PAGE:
Inside the northern Thailand town reviving indigo textile production for a new generation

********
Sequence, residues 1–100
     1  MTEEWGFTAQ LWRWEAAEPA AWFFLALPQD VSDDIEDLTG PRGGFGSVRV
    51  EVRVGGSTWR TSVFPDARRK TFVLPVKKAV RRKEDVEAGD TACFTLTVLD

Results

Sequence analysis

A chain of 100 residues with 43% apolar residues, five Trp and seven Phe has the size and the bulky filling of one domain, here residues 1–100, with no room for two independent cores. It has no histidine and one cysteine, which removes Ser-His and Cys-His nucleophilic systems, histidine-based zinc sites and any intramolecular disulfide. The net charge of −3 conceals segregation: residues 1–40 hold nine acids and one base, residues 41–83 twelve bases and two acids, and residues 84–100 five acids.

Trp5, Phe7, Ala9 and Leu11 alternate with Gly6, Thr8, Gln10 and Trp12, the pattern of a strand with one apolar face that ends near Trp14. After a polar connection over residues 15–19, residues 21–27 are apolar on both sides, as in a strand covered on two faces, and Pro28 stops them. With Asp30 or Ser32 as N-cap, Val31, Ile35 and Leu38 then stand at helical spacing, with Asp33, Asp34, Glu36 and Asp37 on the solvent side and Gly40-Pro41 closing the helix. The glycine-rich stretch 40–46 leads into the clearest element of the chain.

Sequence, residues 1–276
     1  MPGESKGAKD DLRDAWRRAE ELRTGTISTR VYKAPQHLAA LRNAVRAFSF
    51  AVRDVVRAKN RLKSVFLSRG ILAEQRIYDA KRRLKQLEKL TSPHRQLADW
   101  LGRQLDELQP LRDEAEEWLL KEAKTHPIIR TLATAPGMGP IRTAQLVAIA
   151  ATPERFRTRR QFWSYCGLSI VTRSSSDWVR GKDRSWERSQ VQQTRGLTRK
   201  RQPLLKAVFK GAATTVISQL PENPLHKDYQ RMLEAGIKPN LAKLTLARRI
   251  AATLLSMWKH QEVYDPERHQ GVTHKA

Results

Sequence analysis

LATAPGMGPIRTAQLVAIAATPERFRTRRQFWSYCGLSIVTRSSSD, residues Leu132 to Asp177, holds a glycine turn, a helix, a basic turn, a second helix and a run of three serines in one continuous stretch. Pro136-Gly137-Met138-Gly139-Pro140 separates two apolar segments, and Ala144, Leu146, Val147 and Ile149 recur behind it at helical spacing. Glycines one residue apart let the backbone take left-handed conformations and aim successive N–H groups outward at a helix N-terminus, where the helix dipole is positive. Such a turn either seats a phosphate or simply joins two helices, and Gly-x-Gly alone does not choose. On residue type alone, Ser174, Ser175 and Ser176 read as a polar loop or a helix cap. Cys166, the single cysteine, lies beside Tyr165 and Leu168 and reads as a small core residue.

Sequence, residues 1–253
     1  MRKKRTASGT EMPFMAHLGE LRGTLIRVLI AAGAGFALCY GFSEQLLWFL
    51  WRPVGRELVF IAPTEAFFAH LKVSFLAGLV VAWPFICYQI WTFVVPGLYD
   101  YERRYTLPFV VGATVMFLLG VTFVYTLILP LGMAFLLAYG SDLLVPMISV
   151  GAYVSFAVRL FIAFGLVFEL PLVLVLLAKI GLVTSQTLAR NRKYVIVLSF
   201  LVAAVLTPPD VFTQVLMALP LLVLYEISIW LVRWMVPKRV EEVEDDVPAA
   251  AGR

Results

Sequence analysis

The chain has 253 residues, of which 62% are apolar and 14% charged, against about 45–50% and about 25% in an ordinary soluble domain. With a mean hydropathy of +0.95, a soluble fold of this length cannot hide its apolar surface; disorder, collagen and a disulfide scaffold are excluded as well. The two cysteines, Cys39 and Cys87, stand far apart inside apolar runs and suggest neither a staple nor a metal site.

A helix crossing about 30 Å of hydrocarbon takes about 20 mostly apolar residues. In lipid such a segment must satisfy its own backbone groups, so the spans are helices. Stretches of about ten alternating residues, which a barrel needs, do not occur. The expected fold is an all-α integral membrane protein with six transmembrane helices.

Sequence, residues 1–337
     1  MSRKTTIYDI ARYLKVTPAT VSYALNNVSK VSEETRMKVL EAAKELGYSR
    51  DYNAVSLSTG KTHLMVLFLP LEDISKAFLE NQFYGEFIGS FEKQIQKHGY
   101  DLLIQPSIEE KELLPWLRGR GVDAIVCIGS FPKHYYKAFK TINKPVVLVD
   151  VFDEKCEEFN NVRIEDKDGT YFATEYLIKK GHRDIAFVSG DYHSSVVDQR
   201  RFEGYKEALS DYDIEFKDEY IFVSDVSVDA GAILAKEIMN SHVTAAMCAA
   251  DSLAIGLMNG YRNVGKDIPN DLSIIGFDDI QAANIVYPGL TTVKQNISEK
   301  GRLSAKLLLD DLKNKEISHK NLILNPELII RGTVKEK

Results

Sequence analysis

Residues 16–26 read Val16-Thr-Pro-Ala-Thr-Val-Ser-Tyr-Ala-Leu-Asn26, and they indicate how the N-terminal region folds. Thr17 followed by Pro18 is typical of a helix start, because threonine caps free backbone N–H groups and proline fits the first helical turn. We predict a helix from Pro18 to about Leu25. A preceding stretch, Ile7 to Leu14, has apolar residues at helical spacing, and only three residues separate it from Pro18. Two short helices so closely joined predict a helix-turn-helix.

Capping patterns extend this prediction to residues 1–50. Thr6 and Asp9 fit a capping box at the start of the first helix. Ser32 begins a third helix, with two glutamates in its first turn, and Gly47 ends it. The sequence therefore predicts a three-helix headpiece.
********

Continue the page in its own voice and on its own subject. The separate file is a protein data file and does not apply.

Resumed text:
“When I was small, it was all very traditional,” muses 69-year-old Prapapan Sritrai as she shows me around her workspace, where huge vats of bubbling, inky-blue liquid are being stirred by her husband. Auntie Ngeam, as she’s known locally, is one of a third generation of indigo artisans in a family descended from the Phuan, a people known for their handwoven fabrics. A sizeable Phuan community, originally from Laos, settled in Phrae, in northern Thailand, after being displaced from their homeland when the borders of Siam were expanded in the late 19th century, bringing their indigo craftsmanship with them. Auntie Ngeam’s Tardis-like indigo studio is located down a slim alley in Ban Thung Hong, a village on the outskirts of Phrae, almost equidistant between Chiang Mai and the Laos border. Here, where the green rolling hills are dissected by the Yom River and its tributaries, the acanthus and indigofera tinctoria plants central to indigo production flourish. Indigo — and, specifically, the production of dark-blue mo hom shirts, a common uniform for rural and agricultural workers in Thailand — became a key industry in Phrae after the demise of the local teak industry following the Second World War.